Your employer needs to treat you fairly. According to the Labor Commissioner’s Office, employees in California should not exceed 8 hours per workday and 40 hours per workweek. These are the legal numbers in most industries.
Working more than the required hours constitutes overtime – and you should be paid accordingly. The accepted rate per hour is one and one-half times your regular rate of pay for up to 12 hours. The rate doubles above 12 hours.
California employment laws protect employees significantly. However, some employers violate them. Here are two wage and hour violations to keep in mind:
1. Not paying the minimum wage
The Industrial Welfare Commission (IWC) changed the California minimum wage as of January 1, 2022. Employers with 25 employees or fewer are now required to pay a minimum wage of $14 per hour and those with 26 or more employees are to pay $15 per hour.
If your employer is paying you under the stated amounts, they may be violating your employee rights. As of January 2023, the rates will change effectively to $15 for both sectors.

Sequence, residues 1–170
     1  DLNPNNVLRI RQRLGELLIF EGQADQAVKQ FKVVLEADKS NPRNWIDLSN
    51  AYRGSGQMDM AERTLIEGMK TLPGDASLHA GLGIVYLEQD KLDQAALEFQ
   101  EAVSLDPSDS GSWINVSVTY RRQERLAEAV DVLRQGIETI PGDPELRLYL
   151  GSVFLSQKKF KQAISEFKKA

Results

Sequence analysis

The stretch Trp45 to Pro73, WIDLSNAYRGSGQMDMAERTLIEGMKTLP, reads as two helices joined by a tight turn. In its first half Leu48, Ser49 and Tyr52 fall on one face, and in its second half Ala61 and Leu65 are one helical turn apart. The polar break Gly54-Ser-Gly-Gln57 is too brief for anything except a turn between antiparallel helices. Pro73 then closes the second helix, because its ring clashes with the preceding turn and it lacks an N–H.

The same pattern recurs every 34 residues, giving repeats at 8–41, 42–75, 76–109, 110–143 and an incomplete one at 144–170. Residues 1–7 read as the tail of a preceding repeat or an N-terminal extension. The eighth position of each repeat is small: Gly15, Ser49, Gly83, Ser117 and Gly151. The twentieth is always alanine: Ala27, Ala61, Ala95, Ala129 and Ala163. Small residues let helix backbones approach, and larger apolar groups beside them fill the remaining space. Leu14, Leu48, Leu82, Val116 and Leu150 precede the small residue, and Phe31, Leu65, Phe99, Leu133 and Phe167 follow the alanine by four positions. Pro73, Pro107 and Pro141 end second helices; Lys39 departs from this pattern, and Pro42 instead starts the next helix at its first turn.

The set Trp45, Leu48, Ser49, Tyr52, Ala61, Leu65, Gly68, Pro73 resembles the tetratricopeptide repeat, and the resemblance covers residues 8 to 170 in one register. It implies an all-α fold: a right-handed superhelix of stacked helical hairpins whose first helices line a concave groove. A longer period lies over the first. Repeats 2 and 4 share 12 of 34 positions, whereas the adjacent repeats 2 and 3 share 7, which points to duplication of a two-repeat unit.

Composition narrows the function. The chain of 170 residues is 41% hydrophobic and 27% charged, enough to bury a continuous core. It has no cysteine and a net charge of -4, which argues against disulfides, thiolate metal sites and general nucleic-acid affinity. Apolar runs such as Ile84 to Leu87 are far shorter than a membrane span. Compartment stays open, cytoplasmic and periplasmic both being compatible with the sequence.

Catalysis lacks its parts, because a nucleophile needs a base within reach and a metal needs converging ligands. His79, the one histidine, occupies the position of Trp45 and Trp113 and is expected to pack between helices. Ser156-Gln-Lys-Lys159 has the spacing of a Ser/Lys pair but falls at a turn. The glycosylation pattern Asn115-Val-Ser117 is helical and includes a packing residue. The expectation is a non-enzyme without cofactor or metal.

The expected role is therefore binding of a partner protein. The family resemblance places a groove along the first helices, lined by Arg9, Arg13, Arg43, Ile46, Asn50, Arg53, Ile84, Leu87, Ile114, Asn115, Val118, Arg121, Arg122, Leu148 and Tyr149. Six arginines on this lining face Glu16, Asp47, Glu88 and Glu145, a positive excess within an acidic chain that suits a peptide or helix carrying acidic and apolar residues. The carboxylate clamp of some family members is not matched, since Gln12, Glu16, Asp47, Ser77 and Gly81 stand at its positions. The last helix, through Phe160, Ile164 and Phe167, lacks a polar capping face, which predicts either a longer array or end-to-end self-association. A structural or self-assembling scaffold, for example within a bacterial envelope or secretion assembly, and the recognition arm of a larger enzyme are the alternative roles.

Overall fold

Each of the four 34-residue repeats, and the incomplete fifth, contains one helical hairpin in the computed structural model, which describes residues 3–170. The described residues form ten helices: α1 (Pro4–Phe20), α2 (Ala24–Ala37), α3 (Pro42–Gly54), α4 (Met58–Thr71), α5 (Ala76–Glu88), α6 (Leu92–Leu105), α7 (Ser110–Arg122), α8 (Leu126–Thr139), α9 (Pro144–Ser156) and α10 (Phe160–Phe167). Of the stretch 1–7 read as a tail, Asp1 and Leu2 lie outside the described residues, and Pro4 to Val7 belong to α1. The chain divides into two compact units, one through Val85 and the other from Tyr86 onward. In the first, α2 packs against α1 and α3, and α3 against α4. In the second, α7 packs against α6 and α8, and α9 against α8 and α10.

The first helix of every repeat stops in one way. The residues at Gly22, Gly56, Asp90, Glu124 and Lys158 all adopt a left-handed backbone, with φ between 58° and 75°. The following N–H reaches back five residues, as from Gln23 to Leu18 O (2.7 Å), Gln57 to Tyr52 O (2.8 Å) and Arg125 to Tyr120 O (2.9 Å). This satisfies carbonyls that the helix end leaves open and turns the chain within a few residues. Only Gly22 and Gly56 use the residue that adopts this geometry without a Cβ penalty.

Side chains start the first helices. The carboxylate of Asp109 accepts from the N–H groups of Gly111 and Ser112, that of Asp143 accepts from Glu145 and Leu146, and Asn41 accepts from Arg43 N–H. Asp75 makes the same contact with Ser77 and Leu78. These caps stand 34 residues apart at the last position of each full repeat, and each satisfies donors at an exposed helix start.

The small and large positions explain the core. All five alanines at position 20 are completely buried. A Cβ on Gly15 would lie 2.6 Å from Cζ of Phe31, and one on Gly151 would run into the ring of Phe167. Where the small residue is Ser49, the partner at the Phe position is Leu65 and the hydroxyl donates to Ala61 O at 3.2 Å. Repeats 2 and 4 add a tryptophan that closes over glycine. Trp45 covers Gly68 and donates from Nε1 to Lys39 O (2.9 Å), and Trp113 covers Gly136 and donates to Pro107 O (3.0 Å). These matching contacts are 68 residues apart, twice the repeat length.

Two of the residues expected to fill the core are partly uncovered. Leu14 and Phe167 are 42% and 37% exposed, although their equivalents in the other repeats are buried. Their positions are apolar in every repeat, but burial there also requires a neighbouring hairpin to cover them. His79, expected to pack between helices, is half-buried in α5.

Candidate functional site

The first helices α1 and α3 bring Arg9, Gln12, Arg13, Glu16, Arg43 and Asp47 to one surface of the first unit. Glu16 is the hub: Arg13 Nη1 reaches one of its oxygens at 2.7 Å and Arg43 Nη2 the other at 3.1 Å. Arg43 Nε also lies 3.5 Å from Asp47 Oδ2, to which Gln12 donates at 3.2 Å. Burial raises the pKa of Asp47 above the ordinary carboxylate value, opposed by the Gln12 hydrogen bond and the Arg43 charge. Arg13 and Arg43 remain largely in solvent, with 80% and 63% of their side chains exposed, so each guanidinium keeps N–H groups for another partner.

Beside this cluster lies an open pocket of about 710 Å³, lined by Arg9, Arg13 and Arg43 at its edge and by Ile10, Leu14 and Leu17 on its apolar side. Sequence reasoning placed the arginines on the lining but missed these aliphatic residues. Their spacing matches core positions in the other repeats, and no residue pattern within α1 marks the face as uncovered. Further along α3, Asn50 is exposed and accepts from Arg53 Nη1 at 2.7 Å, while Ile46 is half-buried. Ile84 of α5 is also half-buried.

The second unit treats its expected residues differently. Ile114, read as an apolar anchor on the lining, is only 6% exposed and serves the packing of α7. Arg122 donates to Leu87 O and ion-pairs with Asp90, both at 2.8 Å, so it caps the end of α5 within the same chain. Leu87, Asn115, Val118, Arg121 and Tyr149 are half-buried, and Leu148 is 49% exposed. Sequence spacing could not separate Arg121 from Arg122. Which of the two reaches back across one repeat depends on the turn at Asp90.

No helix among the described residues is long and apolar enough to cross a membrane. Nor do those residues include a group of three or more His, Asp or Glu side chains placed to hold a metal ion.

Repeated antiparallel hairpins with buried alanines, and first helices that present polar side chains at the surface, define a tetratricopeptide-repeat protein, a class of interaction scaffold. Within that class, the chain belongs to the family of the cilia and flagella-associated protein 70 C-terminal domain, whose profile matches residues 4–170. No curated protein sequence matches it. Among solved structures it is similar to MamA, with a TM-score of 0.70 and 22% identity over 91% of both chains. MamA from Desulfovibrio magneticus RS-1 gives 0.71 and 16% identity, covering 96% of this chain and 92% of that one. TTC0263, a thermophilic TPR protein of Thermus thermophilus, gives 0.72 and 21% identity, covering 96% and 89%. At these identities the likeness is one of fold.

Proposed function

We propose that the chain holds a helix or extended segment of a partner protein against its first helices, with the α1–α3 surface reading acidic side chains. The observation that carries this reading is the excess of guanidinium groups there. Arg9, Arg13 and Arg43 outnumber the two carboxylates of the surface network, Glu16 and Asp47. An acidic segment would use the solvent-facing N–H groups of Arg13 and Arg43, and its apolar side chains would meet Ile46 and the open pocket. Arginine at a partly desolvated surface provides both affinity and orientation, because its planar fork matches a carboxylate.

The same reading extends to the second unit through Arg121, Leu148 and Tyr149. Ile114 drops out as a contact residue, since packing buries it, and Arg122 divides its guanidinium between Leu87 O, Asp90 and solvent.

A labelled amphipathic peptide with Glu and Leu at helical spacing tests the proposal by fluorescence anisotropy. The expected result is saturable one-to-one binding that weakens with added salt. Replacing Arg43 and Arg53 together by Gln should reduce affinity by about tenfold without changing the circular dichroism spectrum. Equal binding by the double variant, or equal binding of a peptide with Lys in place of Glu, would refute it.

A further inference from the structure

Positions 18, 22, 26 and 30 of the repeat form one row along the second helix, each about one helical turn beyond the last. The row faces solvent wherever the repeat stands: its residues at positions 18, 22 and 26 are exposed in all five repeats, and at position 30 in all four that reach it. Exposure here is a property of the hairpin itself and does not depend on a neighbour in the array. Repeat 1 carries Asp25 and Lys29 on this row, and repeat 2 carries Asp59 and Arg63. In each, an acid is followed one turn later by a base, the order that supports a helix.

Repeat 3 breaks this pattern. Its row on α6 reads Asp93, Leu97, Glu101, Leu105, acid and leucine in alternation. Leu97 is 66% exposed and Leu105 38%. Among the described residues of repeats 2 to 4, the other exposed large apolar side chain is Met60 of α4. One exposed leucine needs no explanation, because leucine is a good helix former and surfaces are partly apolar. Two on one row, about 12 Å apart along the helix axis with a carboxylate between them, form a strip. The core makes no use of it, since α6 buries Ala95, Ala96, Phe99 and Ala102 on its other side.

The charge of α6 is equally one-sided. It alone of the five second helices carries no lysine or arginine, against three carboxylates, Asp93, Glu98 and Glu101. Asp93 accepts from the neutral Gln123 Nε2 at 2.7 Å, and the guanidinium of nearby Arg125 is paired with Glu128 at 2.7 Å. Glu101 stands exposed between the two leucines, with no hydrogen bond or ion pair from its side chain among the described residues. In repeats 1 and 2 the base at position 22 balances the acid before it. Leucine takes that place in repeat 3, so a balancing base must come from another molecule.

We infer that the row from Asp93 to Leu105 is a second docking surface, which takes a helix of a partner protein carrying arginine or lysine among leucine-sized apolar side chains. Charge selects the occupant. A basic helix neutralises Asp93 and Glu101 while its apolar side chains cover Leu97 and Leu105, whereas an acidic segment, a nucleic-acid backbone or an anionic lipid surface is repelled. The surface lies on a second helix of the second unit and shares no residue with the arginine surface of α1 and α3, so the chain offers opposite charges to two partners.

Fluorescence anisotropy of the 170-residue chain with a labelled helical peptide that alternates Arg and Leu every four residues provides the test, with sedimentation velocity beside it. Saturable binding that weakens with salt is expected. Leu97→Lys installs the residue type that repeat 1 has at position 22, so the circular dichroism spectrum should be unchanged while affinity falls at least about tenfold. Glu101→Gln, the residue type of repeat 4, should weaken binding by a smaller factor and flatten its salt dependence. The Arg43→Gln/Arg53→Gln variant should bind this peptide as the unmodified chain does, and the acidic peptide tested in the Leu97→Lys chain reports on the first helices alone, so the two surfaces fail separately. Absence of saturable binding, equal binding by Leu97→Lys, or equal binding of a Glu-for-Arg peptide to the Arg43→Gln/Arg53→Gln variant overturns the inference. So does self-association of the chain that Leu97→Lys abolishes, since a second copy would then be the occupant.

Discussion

2. Wage reduction without discussions
Lawful wage deductions are to be expressed in writing by an employee. You can opt to have some money deducted from your salary to cover insurance premiums, retirement plans and other contributions. Your employer can also deduct your wages when required by federal or state law.
It is unlawful, however, for your employer to reduce your wages for things they require you to do as part of your job. Examples include medical and physical examinations, taking photographs, wearing uniforms and, in some situations, lodging and meals. Your employer should also reimburse you for expenses or losses you incurred in the line of duty.
Work and hours violations are more common than most employees believe. If this happens to you, it will be best to consider all your legal options.